The car: Mercedes-Benz CLS 250 CDI Shooting Brake
The price: From $129,000 plus on-road costs
Vital statistics: 2.1-litre turbo diesel four-cylinder; 150kW/5000Nm; 7-sp automatic; RWD; 5.5L/100km, 144g/km CO2
Why we’re driving it
The CLS Shooting Brake has just been added to the Mercedes-Benz line-up, and we’ve secured the least expensive version, the 250 CDI, for a couple of months as a long-term loan car.
Looks stunning. Comes with plenty of equipment including 19-inch AMG alloys and a full bodykit which add to the visual pizzazz. Standard reversing camera and front and rear sensors, standard sunroof, smart key system with push-button start, leather and wood trim, and seats with electric adjustment and memory function for driver and passenger. Flat-bottomed steering wheel is a funky touch to an otherwise elegant cabin. Good steering feel and response. Rear seat space quite good. Boot is a decent size (590 litres – 85 litres more than the CLS sedan) and has quick release triggers to fold the back seats flat.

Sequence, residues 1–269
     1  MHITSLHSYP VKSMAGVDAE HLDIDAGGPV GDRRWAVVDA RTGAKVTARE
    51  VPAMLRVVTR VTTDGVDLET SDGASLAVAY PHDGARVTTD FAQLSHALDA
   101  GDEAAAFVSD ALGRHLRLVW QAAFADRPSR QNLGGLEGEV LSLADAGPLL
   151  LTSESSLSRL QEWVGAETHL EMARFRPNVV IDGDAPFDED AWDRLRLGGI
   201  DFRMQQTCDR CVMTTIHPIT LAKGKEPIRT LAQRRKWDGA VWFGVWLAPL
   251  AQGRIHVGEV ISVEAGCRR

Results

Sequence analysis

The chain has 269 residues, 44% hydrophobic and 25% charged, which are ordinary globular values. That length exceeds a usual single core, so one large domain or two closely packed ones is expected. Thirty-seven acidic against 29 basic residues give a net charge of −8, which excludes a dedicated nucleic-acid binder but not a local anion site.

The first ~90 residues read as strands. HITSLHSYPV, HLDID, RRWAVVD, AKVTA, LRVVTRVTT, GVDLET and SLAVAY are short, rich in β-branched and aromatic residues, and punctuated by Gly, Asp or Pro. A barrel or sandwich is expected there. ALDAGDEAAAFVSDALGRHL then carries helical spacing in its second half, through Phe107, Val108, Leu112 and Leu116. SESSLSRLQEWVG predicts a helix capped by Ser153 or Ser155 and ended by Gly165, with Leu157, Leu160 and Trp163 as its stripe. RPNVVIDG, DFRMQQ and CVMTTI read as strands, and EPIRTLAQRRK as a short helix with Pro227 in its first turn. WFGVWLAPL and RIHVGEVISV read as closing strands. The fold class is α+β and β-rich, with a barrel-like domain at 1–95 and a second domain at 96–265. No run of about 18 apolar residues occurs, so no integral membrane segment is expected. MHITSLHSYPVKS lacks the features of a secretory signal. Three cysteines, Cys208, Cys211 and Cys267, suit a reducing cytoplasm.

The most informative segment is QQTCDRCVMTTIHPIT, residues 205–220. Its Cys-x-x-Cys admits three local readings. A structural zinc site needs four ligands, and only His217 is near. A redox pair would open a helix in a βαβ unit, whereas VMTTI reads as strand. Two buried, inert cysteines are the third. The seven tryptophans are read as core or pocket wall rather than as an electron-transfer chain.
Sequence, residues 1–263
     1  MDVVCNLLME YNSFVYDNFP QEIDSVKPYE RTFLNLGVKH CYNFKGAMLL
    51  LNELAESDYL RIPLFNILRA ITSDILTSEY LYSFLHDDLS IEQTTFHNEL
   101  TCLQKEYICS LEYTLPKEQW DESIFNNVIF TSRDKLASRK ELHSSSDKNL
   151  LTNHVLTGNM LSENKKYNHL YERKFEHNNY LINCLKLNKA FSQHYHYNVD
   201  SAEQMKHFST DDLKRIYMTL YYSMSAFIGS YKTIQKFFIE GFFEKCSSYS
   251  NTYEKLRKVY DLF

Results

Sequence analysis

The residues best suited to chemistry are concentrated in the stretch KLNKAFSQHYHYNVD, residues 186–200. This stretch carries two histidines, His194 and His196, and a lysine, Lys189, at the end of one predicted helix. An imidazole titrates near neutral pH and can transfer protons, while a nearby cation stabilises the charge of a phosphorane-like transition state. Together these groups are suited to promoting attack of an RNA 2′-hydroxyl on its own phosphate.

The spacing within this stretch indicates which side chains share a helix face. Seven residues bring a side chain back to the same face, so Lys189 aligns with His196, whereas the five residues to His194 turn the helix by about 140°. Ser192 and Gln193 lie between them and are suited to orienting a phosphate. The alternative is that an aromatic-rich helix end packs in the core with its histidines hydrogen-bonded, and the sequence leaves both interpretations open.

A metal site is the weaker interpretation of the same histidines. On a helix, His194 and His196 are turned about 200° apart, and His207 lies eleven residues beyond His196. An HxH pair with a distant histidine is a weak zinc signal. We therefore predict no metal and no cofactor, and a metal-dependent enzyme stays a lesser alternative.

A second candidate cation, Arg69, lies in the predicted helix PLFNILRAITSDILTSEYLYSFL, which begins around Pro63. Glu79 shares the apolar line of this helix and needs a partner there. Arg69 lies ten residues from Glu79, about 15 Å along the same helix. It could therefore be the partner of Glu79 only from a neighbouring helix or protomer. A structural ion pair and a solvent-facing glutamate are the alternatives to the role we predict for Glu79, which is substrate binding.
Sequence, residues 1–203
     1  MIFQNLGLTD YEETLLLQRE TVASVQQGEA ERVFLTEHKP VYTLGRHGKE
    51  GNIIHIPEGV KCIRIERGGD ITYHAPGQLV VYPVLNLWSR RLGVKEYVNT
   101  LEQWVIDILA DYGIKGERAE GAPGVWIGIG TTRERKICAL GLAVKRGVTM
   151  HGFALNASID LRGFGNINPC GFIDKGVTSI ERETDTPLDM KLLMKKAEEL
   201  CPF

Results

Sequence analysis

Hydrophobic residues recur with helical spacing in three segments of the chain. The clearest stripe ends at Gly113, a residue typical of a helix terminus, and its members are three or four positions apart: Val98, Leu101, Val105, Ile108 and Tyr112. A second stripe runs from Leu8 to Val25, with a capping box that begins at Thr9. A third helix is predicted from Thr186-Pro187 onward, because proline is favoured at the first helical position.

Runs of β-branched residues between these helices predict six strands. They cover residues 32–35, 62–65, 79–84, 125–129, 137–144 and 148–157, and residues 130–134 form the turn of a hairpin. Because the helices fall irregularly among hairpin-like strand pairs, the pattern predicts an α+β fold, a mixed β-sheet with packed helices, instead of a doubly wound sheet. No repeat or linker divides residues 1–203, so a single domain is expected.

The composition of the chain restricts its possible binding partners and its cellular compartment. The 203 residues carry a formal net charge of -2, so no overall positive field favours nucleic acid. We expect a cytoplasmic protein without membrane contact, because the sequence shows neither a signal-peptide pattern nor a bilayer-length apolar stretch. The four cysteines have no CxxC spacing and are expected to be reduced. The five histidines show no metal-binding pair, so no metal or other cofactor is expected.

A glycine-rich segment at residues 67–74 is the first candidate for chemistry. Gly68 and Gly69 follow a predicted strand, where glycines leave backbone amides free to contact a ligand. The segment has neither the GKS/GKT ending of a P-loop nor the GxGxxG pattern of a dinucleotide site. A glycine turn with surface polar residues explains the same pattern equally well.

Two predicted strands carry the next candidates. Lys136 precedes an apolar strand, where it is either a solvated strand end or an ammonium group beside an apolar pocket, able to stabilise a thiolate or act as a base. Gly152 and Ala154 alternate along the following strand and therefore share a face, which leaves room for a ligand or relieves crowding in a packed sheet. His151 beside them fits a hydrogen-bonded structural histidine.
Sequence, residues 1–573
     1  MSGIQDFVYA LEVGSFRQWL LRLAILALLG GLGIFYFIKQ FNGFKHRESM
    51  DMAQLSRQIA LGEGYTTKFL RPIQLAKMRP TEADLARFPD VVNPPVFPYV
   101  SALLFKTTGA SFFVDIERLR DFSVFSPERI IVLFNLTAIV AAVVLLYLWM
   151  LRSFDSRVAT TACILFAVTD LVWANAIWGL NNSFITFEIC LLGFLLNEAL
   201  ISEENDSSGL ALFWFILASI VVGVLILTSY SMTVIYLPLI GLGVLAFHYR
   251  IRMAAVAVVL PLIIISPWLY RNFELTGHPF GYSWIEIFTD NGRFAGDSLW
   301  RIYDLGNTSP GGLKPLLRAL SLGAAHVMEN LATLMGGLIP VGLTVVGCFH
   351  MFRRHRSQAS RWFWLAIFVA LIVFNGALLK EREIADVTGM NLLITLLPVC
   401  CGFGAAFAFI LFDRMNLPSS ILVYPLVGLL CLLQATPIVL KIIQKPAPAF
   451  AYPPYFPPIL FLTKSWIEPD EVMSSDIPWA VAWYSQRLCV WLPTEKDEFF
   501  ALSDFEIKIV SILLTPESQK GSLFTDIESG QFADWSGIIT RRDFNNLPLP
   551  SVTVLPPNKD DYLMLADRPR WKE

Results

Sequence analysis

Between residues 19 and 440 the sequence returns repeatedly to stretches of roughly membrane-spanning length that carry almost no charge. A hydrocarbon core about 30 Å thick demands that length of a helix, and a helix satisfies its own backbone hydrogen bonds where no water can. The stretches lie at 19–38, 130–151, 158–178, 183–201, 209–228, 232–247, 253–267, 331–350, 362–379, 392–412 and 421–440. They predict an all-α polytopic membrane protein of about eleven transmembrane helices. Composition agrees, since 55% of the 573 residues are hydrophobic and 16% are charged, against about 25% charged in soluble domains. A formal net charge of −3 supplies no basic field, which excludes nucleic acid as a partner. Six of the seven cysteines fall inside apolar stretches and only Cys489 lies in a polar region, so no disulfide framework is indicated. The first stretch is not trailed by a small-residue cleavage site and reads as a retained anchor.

Diesel is quite loud under acceleration and also exhibits some turbo lag from a standstill. Silly column-shift gear selector and clumsy foot- and hand-operated park brake. Gearbox can get it wrong every now and then in stop-start situations, and the stop-start system is quite jolting at restart. Eco-mode dulls reactions too much, and Sport makes it too lively and rev-happy – there’s no happy medium. Suspension can be busy over uneven sections of road. Luckily it has the aforementioned camera and sensors because outward vision is not great. Merc’s menu system for the entertainment and satnav is fiddlier than those in BMWs or Audis.
Would I buy one?
I’d have to consider whether having something that looks cool outweighs having a mildly more practical yet considerably more dowdy station wagon. It probably does.
The original release of this article first appeared on the website of Hangzhou Night Net.